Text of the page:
Deputies to get $1,500 bonus

Sandra ClarkLet's Talk

Knox County Mayor Glenn Jacobs says he won’t veto the amended $850 million budget passed Wednesday by Knox County Commission, and he “hopes” to have the money to fund the $1 million change.


Sheriff Tom Spangler had requested a one-time $1,500 bonus for 820 of his 1,050 staff. He excluded chiefs and secretaries, giving the bonus to uniformed deputies and corrections officers. No county employees got a raise this year in a budget wrecked by the COVID-19 pandemic.

The amendment by Commissioner Larsen Jay passed 7-2 with two passes. Voting no were Evelyn Gill and Randy Smith; passing were Charles Busler and John Schoonmaker. Jay said the bonus money would come from the county’s unassigned fund balance and be paid in early December.

Jacobs had attempted to compromise with Spangler, proposing a $750 bonus instead. Most commissioners were on board with the compromise, but Jay offered his amendment anyway. “The mayor can propose anything he wants, but it’s up to the commission to set priorities,” Jay said.

Brad Anders defended Jacobs, saying he proposed a six percent pay raise for deputies last year and four percent the year before.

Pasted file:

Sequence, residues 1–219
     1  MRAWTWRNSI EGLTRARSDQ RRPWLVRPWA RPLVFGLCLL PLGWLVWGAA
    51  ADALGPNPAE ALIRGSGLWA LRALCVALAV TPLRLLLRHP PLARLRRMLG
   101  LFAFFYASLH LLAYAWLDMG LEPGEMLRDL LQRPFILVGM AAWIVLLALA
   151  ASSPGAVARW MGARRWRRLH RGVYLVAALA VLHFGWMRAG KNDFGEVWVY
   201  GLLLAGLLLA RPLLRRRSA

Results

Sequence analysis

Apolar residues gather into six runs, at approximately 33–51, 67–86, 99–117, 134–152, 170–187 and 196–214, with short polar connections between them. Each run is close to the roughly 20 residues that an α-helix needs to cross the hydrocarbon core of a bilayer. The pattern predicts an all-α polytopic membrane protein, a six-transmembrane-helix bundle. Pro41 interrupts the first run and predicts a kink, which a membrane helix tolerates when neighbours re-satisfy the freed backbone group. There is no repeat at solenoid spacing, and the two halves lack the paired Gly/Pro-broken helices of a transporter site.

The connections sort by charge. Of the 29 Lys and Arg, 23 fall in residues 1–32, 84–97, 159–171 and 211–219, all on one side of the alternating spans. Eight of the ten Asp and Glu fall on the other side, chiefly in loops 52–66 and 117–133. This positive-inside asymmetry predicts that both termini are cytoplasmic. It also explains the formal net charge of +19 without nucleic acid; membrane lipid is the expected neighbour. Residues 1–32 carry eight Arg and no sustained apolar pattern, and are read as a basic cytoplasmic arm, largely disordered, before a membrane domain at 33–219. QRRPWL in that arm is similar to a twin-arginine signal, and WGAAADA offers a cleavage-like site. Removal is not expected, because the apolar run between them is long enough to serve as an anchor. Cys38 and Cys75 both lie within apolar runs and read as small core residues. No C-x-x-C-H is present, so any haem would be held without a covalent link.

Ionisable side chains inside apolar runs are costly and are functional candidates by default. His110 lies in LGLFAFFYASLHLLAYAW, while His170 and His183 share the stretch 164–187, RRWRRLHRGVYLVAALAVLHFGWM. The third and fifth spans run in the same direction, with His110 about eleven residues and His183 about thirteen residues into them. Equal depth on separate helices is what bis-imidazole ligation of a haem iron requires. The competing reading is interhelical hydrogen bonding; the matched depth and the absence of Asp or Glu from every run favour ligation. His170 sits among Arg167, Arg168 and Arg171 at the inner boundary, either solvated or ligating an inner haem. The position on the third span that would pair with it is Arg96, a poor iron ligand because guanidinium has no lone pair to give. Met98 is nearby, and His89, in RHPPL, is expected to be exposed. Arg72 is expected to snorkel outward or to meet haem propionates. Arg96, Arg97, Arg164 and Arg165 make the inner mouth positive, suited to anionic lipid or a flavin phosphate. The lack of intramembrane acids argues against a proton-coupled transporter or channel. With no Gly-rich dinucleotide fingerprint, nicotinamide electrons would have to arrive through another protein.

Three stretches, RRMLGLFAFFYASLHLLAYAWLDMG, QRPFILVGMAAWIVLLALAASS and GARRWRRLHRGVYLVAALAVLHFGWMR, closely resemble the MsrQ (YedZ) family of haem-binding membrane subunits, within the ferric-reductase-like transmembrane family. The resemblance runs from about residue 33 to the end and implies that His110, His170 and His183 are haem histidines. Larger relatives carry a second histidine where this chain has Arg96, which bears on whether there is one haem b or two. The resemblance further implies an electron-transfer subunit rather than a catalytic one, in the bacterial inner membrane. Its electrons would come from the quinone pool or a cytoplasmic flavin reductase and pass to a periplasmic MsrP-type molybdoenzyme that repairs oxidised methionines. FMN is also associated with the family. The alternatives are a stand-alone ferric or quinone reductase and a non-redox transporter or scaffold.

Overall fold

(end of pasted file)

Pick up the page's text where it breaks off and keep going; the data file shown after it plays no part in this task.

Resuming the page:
Momentum shifted when at-large Commissioner Justin Biggs, his voice breaking, talked of his dad, retired Chief Deputy Eddie Biggs, missing his ballgames because he was working two jobs. “My dad gave 42 years to law enforcement. … You guys need this. $1,500 will make a difference. It will mean you can go on vacation. I stand with Commissioner Jay.”

Jacobs released a press statement afterwards:

“I too am frustrated that a lot of important projects had to be set aside. I’m frustrated that we can’t provide raises to our teachers and every single county employee who has been making personal sacrifices throughout this pandemic.

“Raising taxes would certainly be a way to alleviate those frustrations, but I said that I wouldn’t do that, and I won’t. It isn’t the time to ask taxpayers – many of whom are struggling themselves – to give the government more money. … I am just not comfortable with making promises now on an uncertain future.”

No other changes were made to Jacobs’ budget. Commissioner Gill voted against the tax rate of $2.12 per $100 of assessed value – a rate that’s not been increased for more than 20 years. “The rate is inadequate. We need to look at our budget and the tax rate needed.”

But this is Gill’s last budget. She was defeated in the Democratic Primary by Dasha Lundy. Michele Carringer, Hugh Nystrom and Anders also are departing after the Aug. 6 election. Incumbent Schoonmaker faces Democratic nominee Kimberly Peterson.

Sandra Clark is editor/CEO of Knox TN Today.

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